The Woodford Cross

Eric Hunter

In the graveyard of Christ Church, Woodford nr Stockport there lies a large ornate wooden cross, rotten with age, broken, it is placed over its original footing. Upon the cross the epitaph reads:

“In Loving memory to Sec’ Lieut Frank S. Brooks. 20 Manchester Reg (Pals)         

Killed in Action at Fricourt France. July 1st 1916.

For King and Country”.

Frank Brooks was born in 1897. His father Arthur was a successful solicitor with offices in Manchester and Stockport. The family lived in Gately, Stockport when Frank enrolled at Manchester University to read Law with an ambition to be involved eventually within his father’s business. Frank prior to completing his studies enlisted in the Special Reserve and became a Private in the North Staffordshire Regiment. He was mobilised at the outbreak of war but in November 1914 he applied for a Commission and was posted to 20th Manchester (5th Pals).Woodfordred1


On the First of July 1916 the 5th Manchester’s attacked at 14.30 on a front opposite Bois Francais. The dividing front lines were a short distance 80 – 220 yards. The attack was brief and by 14.45 the German front trench was taken. Frank, his Commanding Officer and over 300 of the regiment fallen, were injured or missing. The successful attack by the Manchester’s at Fricourt meant that the bodies of the fallen could be buried and recorded in a dignified manner. Lieutenant Brooks and his comrades were laid to rest in the captured German trench.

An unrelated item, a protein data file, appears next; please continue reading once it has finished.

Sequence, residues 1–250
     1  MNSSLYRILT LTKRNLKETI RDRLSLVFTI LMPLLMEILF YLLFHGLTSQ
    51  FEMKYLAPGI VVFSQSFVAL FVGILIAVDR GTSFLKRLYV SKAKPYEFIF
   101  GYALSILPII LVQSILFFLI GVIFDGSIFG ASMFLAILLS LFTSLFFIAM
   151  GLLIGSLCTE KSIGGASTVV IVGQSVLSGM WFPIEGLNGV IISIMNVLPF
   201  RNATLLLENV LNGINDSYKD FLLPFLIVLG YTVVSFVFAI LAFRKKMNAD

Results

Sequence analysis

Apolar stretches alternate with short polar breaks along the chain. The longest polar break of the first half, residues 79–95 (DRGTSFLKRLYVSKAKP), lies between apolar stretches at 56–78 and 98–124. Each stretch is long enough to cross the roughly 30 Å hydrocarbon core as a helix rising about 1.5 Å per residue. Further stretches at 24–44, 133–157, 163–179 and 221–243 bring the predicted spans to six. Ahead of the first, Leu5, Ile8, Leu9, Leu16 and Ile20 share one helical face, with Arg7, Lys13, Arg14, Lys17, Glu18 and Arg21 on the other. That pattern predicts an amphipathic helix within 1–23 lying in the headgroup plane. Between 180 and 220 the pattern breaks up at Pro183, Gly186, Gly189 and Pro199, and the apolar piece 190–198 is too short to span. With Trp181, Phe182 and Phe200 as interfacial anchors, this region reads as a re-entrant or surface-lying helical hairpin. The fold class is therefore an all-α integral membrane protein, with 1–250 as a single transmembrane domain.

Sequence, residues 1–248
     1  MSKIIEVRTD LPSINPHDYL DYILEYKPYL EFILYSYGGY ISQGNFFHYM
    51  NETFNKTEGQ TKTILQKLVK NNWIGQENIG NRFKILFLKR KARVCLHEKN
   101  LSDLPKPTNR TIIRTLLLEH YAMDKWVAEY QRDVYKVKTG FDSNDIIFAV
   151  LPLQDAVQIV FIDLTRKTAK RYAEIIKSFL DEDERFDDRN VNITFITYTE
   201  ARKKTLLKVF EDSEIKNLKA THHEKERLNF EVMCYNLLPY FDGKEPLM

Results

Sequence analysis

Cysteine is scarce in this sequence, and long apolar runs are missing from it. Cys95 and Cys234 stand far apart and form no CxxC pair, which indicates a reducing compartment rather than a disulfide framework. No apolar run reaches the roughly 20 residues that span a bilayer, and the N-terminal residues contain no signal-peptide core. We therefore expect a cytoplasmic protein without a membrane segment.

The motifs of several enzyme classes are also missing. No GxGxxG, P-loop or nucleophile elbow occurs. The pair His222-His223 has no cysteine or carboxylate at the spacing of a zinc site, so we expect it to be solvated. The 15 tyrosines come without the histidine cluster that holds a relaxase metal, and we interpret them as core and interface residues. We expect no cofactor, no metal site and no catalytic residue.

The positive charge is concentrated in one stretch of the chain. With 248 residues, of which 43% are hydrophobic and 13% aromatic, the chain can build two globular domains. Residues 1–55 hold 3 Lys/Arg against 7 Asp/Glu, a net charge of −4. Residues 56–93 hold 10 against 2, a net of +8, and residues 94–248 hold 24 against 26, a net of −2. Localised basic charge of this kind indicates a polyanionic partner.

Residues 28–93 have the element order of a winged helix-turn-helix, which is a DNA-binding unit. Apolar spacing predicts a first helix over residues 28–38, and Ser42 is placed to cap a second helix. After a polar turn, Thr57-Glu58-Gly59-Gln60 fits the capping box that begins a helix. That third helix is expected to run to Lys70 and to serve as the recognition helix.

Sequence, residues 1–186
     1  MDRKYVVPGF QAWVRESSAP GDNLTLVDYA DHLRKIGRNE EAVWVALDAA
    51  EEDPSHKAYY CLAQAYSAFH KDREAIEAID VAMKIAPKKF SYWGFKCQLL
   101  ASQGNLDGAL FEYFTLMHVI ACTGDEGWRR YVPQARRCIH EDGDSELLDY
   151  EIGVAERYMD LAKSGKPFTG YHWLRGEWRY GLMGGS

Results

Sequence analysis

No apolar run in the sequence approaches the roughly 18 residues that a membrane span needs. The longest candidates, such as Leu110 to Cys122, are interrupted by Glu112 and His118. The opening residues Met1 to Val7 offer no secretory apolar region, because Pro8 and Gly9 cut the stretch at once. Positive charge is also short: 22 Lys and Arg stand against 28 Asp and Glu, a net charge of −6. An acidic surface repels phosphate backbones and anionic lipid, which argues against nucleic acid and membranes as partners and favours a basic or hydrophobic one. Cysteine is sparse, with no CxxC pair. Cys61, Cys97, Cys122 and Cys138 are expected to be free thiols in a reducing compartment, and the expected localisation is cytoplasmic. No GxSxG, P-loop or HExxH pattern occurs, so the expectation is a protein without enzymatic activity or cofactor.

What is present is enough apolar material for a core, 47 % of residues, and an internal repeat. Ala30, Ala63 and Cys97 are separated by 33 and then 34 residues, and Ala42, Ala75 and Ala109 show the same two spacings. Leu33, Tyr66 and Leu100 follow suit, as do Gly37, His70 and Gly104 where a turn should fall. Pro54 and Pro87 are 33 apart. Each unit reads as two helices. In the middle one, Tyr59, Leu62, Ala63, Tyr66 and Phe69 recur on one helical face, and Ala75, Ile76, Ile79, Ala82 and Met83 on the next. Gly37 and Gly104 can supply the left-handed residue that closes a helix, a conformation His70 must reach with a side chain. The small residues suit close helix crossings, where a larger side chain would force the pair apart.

At some point during or after the war, the family moved to nearby Bramhall Moor Lane and the Woodford church presumably became their place of worship. Frank is not buried in Woodford, neither is his name included on the War memorial within the church. After the war Frank’s body was exhumed from the war burial and interred in Danzig Valley British War Cemetery. The family had this memorial made and erected in their local church as an act of very personal remembrance. Further down the cross there is another inscription:

“also of Cyril, infant child of Edith and Arthur Brooks.”

This was a very personal act of remembrance, one which was probably evoked each week as they worshiped.  Their loss was not just their sons but it appeared their future.

My initial feelings when I first discovered this rotten fallen cross was, as a Great War enthusiast, a memorial in a tragic state of repair. When I reflect however I begin to appreciate that memorials have multiple significances. If the Brookes had wanted a memorial to last forever they would have commissioned it from stone not wood. It was a personal statement for lives lost which they had no control over.

I have not researched if there are still members of the Brooks family that live locally and keep Frank and Cyril’s memory alive. We in the WFA do remember but not in the emotional context as to which this memorial was erected. To that end is intervening and restoring or replacing the cross an appropriate response, or should we acknowledge and note its existence and let time ultimately reduce any personal attachment?